Distributed Letter Representations in Visual Word Recognition
- Author(s): Stokes, Ryan
- Advisor(s): Hickok, Greg
- et al.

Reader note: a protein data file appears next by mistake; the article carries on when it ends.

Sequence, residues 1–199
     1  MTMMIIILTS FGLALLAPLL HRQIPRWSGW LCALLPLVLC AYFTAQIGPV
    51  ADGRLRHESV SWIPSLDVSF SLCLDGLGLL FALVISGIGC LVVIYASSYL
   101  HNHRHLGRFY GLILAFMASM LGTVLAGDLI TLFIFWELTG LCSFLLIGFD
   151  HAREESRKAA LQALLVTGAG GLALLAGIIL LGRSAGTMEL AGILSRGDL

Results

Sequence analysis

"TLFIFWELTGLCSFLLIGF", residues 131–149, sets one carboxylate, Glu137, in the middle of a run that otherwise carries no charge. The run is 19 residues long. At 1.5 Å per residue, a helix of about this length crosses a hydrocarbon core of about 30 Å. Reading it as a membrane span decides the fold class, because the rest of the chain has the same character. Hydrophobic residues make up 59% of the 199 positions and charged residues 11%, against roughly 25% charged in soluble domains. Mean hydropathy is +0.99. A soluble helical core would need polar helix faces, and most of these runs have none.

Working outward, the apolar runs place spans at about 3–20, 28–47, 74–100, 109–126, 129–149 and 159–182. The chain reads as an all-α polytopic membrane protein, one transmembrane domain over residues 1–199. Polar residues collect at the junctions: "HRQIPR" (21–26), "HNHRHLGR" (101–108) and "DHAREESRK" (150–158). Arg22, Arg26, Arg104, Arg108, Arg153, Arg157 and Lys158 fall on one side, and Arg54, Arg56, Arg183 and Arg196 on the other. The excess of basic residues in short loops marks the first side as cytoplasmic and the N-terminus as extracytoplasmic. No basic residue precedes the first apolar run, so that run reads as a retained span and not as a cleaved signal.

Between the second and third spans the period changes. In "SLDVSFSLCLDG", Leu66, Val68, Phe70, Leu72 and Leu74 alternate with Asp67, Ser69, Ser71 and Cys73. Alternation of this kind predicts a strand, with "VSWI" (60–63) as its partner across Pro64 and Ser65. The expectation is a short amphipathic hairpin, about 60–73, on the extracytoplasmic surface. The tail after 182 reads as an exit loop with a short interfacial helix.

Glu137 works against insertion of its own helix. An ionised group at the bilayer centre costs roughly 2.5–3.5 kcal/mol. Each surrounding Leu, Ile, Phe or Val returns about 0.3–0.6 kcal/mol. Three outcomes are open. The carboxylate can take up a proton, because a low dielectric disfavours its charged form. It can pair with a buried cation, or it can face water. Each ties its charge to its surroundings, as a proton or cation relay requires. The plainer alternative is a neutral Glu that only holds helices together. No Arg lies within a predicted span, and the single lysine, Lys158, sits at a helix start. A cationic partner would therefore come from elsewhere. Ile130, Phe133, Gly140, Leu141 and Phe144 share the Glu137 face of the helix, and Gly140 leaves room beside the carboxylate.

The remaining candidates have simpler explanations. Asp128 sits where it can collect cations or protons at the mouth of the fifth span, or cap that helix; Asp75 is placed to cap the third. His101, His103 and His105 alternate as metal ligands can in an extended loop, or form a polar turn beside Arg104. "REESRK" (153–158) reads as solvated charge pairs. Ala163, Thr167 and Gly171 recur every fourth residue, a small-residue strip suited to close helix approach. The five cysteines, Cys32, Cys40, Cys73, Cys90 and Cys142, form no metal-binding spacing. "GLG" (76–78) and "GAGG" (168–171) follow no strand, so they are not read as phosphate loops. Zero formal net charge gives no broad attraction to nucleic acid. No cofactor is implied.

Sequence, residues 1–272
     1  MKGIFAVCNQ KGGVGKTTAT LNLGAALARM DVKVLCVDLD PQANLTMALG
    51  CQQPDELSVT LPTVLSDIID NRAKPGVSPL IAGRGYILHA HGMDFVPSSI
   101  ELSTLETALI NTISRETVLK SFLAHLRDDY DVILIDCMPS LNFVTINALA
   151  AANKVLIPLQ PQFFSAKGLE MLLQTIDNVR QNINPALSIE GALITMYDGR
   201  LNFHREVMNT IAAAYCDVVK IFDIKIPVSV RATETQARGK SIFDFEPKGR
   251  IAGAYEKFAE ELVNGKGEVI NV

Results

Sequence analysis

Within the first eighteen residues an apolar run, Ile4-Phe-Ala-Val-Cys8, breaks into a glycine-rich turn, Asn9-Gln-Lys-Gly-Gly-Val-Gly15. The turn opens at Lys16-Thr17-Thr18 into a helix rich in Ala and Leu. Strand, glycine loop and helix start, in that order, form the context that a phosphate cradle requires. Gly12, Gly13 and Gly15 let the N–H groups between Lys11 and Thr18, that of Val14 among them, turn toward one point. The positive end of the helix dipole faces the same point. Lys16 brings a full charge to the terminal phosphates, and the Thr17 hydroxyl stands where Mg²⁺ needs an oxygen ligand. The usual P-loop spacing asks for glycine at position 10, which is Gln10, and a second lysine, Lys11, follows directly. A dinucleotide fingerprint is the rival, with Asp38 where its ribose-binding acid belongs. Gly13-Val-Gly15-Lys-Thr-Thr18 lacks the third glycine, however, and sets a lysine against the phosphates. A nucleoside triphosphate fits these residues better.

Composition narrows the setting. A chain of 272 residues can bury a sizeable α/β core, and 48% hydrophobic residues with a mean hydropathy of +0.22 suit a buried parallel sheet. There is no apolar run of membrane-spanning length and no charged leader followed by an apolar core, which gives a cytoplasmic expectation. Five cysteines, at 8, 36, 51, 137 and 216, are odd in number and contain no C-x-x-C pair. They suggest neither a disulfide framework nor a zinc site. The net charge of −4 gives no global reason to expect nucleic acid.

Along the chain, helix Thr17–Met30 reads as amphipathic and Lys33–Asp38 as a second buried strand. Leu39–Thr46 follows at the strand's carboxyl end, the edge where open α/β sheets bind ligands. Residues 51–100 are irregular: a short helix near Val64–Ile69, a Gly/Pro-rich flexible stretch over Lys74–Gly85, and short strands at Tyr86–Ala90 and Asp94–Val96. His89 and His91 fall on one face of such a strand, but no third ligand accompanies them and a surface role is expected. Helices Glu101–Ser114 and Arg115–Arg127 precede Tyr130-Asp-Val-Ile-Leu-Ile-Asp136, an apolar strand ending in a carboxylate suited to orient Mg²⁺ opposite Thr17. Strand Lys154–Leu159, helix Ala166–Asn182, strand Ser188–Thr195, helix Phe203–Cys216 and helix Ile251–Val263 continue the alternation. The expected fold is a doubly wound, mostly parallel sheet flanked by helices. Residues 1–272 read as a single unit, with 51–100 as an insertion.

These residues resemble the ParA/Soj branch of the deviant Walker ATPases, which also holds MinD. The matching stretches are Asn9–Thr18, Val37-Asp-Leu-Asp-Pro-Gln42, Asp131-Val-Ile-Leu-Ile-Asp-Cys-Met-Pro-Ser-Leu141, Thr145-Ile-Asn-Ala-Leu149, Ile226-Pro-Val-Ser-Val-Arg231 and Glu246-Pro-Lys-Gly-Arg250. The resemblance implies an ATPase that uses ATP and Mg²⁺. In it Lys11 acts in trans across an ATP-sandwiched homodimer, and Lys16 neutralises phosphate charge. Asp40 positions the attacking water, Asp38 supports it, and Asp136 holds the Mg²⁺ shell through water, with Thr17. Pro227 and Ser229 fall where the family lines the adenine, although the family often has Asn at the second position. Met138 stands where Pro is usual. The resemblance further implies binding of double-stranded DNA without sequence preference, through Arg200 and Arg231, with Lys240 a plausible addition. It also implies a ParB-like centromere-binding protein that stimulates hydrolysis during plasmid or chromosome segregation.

Visual word identification is a remarkably automatic and flexible process - invariant to size, shape, and location, but also sensitive to letter features and case. There is a general agreement that letters are coded hierarchically, starting with local receptive field contrasts that form the simple feature that comprise letter identity. However, the mechanism that identifies words based on the location of letters, known as letter position coding, is not well understood. Early models that coded precise locations in space cannot account for the minimal disruptions observed for words with letter position adjustments such as transpositions, additions, or deletions. A wealth of experimental evidence supports a view of visual word recognition that is forgiving to local changes in position. We present a model of letter position encoding, as an extension of the Overlap model, that treats letters as distributions along a normalized retinotopic space. A convolutional neural network was used to estimate a pattern of letter identity along overlapping receptive field locations. This method creates an input to models of letter position that are closer in line with behavioral data. Model estimates were found to fit well with a database of priming studies used to investigate the effects of letter position manipulations on participants' reaction time and accuracy. Using model-based functional imaging, we show the model accurately localizes the visual word form area (VWFA), a functional region in the lateral portion of the left ventral occipitotemporal cortex. Finally, we demonstrate the need for a cohesive computational model of visual word recognition by examining the emergent properties of a combined letter identification and letter position network.